It was seventy degrees today. Up in the flower bed out front, stocky crocuses waft purple, and the first tentative daffodils nod yellow and white. Out back, new shoots of tarragon and oregano peek through last season’s dried woody stems, chives are springing up green and soft, and rosemary branches are fat with lavender blooms. These afternoons, we fling open the back doors and sit on the steps, drinking in the low western sun.
But before long we are running for sweaters. These short-sleeved days still give way to wool and flannel nights. For a few more weeks, dinner will continue to be a cooked inside affair, with socks and candles. And crucifers, which, thanks to our local CSA, continue to be in good supply.
This winter, because of Alice Waters and Judy Rogers, I learned to think differently about kale, which I’d previously only known as a stir-fry-with-tofu-and-eat-with-brown-rice affair. Boiled kale, like most anything boiled, doesn’t sound like anything very good. Certainly not like something that you would eat if you had a choice. But long-cooked and ladled over toasted bread with a soft-yolk egg over the top, this kale is comforting and meaty, brothy and delicious, and nice enough to serve to friends for an impromptu weeknight dinner.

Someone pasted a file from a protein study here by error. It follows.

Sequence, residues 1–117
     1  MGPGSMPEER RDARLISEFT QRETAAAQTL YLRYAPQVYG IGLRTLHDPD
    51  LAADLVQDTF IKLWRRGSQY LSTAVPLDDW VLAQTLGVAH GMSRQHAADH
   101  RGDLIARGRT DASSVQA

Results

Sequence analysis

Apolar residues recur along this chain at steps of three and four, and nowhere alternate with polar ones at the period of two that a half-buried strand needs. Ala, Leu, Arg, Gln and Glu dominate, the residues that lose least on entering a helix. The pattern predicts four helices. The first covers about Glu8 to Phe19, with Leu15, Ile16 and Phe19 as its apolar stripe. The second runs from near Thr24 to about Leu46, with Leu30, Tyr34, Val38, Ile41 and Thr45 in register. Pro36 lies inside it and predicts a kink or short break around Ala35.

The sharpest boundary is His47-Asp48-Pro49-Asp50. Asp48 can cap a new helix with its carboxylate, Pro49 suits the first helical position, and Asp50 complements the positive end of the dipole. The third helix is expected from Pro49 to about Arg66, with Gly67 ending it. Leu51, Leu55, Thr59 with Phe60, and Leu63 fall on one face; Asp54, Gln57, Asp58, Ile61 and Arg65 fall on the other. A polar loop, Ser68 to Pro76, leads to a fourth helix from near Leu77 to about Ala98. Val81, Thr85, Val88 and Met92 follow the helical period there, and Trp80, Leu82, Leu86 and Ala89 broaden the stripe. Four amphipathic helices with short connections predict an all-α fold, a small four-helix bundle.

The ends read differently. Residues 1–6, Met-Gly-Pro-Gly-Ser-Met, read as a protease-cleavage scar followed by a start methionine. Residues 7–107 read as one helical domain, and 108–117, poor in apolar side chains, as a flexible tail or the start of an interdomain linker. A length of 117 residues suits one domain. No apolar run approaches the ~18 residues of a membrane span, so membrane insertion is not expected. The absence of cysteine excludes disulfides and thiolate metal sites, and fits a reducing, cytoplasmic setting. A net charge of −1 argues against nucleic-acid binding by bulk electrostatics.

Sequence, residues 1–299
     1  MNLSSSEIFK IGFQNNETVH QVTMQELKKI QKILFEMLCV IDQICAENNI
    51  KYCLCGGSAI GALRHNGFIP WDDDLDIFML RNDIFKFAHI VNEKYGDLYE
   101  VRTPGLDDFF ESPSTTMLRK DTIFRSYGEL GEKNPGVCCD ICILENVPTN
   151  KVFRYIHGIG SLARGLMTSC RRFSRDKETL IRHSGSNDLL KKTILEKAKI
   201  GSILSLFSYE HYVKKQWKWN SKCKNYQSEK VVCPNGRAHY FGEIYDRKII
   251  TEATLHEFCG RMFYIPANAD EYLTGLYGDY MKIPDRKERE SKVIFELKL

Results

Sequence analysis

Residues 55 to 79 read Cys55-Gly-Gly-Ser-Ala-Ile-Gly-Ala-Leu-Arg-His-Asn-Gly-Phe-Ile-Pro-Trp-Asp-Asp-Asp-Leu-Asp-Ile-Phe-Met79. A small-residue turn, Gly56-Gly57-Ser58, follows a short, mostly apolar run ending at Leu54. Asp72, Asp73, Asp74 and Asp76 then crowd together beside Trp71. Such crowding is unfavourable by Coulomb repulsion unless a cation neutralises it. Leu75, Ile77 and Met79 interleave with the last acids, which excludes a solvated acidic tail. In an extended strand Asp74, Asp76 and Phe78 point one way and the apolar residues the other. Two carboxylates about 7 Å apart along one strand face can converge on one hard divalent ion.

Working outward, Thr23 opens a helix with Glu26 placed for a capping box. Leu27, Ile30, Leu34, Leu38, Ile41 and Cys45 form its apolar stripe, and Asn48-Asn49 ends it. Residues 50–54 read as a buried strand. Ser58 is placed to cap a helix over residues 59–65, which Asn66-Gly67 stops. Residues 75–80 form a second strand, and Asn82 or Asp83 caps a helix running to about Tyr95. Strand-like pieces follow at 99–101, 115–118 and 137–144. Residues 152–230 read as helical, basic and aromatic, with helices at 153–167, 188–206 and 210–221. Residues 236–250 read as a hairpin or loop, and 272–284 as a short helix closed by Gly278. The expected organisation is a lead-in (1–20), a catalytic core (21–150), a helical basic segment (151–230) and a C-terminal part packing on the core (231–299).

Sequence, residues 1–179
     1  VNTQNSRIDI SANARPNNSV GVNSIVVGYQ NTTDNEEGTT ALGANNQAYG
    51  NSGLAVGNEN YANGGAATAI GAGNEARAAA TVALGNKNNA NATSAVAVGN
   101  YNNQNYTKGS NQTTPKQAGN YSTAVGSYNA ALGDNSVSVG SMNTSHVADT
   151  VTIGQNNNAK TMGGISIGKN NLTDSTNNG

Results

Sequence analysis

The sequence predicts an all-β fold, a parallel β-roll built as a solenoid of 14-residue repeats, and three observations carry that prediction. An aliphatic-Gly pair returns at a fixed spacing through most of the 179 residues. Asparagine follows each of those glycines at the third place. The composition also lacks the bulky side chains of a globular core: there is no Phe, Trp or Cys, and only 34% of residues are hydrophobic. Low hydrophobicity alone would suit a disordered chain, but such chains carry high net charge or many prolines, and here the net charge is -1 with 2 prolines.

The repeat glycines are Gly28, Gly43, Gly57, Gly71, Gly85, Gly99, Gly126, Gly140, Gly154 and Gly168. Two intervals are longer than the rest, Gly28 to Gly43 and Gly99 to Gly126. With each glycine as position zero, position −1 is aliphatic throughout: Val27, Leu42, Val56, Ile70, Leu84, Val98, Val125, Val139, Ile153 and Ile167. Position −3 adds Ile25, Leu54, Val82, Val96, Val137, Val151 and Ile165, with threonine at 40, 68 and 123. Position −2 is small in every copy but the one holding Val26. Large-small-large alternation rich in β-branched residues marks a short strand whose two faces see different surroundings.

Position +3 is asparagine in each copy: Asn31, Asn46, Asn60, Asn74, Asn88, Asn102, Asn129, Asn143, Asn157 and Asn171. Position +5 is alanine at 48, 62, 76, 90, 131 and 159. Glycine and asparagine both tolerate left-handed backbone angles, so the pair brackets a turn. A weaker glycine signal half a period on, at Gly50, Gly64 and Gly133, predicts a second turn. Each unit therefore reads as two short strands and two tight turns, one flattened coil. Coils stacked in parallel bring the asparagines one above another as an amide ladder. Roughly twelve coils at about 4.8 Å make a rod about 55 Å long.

Boiled Kale on Toast with Fried Eggs and Vinegar
Adapted from The Zuni Cafe Cookbook
2 bunches of kale, thick stems removed and leaves thinly sliced
1 large onion, thinly sliced into half-moons
red pepper flakes
2 garlic cloves
4 cups water or chicken stock
4 thick slices peasant style bread
red wine vinegar
Place the onions and 4 tablespoons oil in a medium saucepan. Saute over medium heat until the onions are translucent and starting to caramelize, 5 to 10 minutes. Add a pinch of red pepper flakes, the garlic, and the kale. Stir for a few minutes until kale is wilted. Add water or stock, and salt to taste. Bring to a simmer, then lower heat and cover. Cook for 30 minutes, or until tender.
While kale is cooking, brush both sides of bread with olive oil, then grill or toast until golden and crisp. Lightly rub with a garlic clove, then place each piece of toast in a warmed soup plate.
Ladle over the bread a generous amount of kale, and a good amount of broth. Top with a fried or poached egg. Warm a few tablespoons of vinegar in the egg pan, then drizzle a little over each egg. Season with salt and freshly ground pepper. If you are feeling really fancy, give each plate a few drops of truffle oil just before serving.